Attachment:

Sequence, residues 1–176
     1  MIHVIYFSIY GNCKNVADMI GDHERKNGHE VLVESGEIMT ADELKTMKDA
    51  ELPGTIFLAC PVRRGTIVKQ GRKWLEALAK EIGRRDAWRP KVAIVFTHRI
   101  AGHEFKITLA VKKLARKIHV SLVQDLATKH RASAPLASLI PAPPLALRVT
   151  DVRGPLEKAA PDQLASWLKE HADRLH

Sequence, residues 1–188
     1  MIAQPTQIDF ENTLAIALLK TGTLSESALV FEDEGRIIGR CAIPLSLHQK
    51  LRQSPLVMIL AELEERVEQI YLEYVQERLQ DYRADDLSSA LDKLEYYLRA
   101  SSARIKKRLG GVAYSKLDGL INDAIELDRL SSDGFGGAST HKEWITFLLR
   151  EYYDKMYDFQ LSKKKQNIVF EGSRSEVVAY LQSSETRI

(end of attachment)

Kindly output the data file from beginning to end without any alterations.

Sequence, residues 1–176
     1  MIHVIYFSIY GNCKNVADMI GDHERKNGHE VLVESGEIMT ADELKTMKDA
    51  ELPGTIFLAC PVRRGTIVKQ GRKWLEALAK EIGRRDAWRP KVAIVFTHRI
   101  AGHEFKITLA VKKLARKIHV SLVQDLATKH RASAPLASLI PAPPLALRVT
   151  DVRGPLEKAA PDQLASWLKE HADRLH

Sequence, residues 1–188
     1  MIAQPTQIDF ENTLAIALLK TGTLSESALV FEDEGRIIGR CAIPLSLHQK
    51  LRQSPLVMIL AELEERVEQI YLEYVQERLQ DYRADDLSSA LDKLEYYLRA
   101  SSARIKKRLG GVAYSKLDGL INDAIELDRL SSDGFGGAST HKEWITFLLR
   151  EYYDKMYDFQ LSKKKQNIVF EGSRSEVVAY LQSSETRI